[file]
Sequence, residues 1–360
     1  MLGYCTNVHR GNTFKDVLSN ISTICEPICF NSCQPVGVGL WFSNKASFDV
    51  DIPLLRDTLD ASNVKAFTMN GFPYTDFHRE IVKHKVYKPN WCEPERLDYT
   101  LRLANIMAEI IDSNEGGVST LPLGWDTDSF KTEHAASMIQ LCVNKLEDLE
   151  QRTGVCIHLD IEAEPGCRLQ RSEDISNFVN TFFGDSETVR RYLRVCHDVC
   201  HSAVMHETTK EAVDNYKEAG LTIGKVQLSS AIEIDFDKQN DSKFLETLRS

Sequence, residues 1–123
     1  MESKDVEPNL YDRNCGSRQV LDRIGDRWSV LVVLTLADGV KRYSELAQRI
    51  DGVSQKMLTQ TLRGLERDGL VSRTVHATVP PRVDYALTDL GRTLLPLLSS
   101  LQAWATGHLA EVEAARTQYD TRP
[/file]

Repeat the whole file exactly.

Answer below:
Sequence, residues 1–360
     1  MLGYCTNVHR GNTFKDVLSN ISTICEPICF NSCQPVGVGL WFSNKASFDV
    51  DIPLLRDTLD ASNVKAFTMN GFPYTDFHRE IVKHKVYKPN WCEPERLDYT
   101  LRLANIMAEI IDSNEGGVST LPLGWDTDSF KTEHAASMIQ LCVNKLEDLE
   151  QRTGVCIHLD IEAEPGCRLQ RSEDISNFVN TFFGDSETVR RYLRVCHDVC
   201  HSAVMHETTK EAVDNYKEAG LTIGKVQLSS AIEIDFDKQN DSKFLETLRS

Sequence, residues 1–123
     1  MESKDVEPNL YDRNCGSRQV LDRIGDRWSV LVVLTLADGV KRYSELAQRI
    51  DGVSQKMLTQ TLRGLERDGL VSRTVHATVP PRVDYALTDL GRTLLPLLSS
   101  LQAWATGHLA EVEAARTQYD TRP